I! be known, let the coiintry know just,
what is going on. Jst how m1ilch more
the consilmer is having to pay thlali
tile farimer gols, somebody woild have
to come across and state -who is get
ting tlie lion's shiare of the profits.
A ea I load of Cro ckery and China
to arrive this week.
S. M. & 1:. I[. WlI KI-:s & (O.
NOIC' OF EILET"ION.
inite of Souh Citrolini,,,
County of Laurens.
Whereas, Petiliolns signed by a legal
number of the (ualified electors and
free-holders residing in I au rens
school distilet No. 2, Iaurens county,
South Carolina, asking for an election
upomn the qunestion of voting an addli
tional -l mill tax upon tile property iil
said school distriet to be used for
school purposes, have been flied with
the county board of education, an
election is hereby ordered up1)on said
(luestion, said election to be held on
the 2nd day of October, 1919, at Pros
pect school building in said district,
under the management of the trustees
of said school district.
Only such electors as return real
or pelsonal property for taxation and
who exhibit their tax receipts and reg
istratIon certificates as required in
the general election shall be allowed
Those favoring the 4 mill additional
tax shall vote a ballot. containing the
word "YES" written orm printed there
on. Those against the -1 mill addi
tional tax shall vote a ballot contain
ing the word "NO" written or printed
thereon. Polls shall open at the hour
of 8 o'clock in the forenoon and shall
remain open until the hour of -1 o'clock
in the afternoon when they shall 1)e
closed, and the h allots counted.
The trustees shall report the result
of the election to the colity aIditolr
and county superintendent of educa
tioi within ten days thereafter.
R. TP. WILFON,
9-2t 11y order of County Board.
Just received carload Red Cedar Shingles.
Place your order bpfore t y are all gone.
Herb L. Roper
PLANT GRAIN and COVER CROP NOW
11 is .oil duly to sow cover crops and grain for the benieit of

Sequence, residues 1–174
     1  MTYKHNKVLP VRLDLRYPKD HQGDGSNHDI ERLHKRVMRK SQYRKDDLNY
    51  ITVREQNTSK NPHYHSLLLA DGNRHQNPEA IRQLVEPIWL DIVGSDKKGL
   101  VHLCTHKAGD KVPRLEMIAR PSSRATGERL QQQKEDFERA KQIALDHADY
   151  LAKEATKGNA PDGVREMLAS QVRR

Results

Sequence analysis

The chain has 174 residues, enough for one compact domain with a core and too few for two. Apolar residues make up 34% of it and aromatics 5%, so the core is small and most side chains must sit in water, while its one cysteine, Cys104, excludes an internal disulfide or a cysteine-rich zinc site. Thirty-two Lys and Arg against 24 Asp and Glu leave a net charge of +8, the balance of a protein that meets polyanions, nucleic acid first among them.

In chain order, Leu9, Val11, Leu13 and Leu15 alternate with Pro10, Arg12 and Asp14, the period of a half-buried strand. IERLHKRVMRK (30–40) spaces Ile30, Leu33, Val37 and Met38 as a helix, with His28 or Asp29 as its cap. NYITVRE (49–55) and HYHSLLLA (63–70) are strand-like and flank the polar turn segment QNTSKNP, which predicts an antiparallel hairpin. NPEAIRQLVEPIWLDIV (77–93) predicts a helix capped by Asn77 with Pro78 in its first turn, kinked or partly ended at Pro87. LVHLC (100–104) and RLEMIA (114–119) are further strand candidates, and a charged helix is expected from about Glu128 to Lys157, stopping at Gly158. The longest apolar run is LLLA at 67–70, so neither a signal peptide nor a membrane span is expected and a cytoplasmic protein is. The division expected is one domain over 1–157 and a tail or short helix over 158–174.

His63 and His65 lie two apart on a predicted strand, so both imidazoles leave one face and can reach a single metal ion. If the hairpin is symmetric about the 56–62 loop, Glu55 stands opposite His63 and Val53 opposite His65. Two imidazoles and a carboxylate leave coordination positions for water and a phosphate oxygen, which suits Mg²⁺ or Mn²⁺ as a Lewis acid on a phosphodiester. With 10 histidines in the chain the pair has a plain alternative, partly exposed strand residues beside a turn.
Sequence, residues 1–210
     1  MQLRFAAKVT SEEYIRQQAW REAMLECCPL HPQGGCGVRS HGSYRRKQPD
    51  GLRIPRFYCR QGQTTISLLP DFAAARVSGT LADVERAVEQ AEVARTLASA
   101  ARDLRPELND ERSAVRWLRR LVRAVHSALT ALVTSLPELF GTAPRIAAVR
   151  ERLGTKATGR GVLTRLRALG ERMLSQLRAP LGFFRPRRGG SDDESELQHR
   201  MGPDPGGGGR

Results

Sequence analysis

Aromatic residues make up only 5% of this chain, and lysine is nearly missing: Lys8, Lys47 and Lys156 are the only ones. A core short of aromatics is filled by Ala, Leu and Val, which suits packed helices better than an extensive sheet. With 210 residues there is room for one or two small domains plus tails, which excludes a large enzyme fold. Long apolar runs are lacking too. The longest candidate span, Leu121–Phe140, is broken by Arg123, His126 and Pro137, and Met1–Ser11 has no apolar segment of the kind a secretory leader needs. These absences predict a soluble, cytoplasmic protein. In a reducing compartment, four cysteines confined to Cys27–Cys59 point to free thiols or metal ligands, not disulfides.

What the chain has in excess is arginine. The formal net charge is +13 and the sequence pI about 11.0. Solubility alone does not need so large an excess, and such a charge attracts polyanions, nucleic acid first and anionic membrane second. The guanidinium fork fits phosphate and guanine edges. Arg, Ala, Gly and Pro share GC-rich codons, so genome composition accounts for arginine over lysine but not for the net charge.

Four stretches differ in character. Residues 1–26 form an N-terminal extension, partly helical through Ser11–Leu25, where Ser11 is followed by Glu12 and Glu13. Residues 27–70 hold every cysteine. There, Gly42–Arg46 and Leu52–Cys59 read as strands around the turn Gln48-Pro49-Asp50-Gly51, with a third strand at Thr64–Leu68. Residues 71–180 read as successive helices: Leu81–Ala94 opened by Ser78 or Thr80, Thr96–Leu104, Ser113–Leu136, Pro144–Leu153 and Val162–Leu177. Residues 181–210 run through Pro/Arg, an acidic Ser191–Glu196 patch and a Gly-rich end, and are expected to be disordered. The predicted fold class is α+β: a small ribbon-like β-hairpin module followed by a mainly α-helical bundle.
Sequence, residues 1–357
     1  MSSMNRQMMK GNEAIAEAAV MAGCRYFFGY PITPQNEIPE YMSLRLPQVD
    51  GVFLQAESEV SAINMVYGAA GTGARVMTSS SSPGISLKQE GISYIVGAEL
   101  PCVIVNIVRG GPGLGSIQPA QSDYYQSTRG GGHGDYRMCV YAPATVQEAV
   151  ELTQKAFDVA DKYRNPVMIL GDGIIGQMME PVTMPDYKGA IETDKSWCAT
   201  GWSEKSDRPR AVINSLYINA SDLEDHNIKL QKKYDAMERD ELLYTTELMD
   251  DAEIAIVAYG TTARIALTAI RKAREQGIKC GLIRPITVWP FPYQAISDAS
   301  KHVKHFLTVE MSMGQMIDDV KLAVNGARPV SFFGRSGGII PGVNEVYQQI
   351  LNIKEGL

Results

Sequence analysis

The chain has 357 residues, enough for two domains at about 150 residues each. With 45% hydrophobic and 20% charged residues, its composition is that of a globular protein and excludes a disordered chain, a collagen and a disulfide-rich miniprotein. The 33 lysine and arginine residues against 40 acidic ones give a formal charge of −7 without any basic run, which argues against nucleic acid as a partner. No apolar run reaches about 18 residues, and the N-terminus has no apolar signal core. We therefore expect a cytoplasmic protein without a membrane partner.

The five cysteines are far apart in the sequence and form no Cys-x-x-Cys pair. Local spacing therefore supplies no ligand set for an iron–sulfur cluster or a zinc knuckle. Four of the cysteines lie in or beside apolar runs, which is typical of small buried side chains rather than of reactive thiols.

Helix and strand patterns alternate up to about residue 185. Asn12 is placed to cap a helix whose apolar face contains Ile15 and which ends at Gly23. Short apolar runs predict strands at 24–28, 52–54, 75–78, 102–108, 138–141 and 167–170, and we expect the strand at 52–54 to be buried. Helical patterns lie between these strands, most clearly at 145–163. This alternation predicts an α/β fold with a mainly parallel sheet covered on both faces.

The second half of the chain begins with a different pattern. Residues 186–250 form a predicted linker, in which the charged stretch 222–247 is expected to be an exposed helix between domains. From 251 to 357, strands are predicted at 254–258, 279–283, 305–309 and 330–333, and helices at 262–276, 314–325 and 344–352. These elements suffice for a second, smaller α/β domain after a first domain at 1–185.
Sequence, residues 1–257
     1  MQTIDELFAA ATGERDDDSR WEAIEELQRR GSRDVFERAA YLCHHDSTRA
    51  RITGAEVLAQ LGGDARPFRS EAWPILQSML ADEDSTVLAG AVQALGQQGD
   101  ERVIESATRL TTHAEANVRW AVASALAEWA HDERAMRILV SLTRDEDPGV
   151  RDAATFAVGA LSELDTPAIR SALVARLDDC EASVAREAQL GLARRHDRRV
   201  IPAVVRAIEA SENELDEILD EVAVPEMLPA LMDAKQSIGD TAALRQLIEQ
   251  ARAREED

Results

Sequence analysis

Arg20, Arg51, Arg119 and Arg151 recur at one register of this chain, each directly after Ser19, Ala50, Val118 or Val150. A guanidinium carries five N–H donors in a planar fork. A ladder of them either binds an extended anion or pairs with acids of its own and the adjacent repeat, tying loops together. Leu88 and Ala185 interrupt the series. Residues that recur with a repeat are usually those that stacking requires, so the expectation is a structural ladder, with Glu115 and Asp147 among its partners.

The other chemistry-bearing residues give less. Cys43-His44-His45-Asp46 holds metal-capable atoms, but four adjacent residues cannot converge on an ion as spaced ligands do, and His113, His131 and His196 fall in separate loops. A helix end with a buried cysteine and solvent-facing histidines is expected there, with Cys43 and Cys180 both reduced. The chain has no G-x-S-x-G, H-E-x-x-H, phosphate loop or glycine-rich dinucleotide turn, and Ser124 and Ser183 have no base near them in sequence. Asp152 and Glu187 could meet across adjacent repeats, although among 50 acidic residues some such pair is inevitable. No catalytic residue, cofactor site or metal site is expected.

your land an d frI feed iext sprilng. A few l( in-es ilIte(d in, gol
seed low will be worth hundli(ieds of dollars Iext sill ing to 'Our
lantd in the forii' of vegetable matter. You can'I afford o bu y any
hut Ihe higliest. seed. W\e have nothing but tested, re-eleanied seed.
huy now and sow vith the first rains.
Per b . 10h-b. lots
Leap's Prolific W heat ....... .... .... .... ....$2.75 $2.75
Appler Oats (home grown) . ................. . .140 1.35
F'uIlghum Oats (some grown) ........ ........ 1.90 1.85
Texas Oats, from best seedmen in Texas . ......1.20 1.15
Abruzzi Rye -. -... -.... .... .... .... .... .... 3.40 3.30
Turf Oats (very best for grazing) . .;0 1.60
Winter Barley .... .... ........... . 2.60 2.50
Alfalfa .... .... .... ......- . .... .... .. per lb.- .35 .32
Crimson Clover in chaff .... .... .... ....per lb. .17% .17%
Crimson. Clover, clean .............. ....per lb. .25 .22
Burr Clver .... .... ........ .... .. ....per lb. .12% .10
Augusta Vetch .... .... ... . .... ,.... .. ..lb. .15 .13
Hairy Vetch -... .... . ....Ask
R a e v .- - . . - - . . - - .. . . . . . . . . p e r .2 0 .1 3
R1-ed Clover -. - ..-- --.. .... ... .... .... Ask
Lawn Orass --.... -................. ...Ask
Reference-Nat ional L in & Eixchange Bank.
FARIS SEED COMPANY
Headquarters For High Grade Seed
GREENWOOD, S. C.
BIG ACIN ISi L
Fifty Head of Mares and Horses to be sold at Auction
Friday, October 10th, 191
AT 11 O'CLOCK A. M.
At Laurens Court House, S. C.
Fifty head of Mares and Horses from 3 to 5 years old.
All the above stock are the good kind and will take the
place of high-priced mules. They are the work kind
and will please any one. Also some ood saddle horses
and mares. In this lot we have some speedy ones
that will surprise you to see them go.
Remember the place and date, Laurens, S. C.,
Friday, October 10th, 1919. Your price buys
the animal. We shall expect you.
NInety SIx S tock Company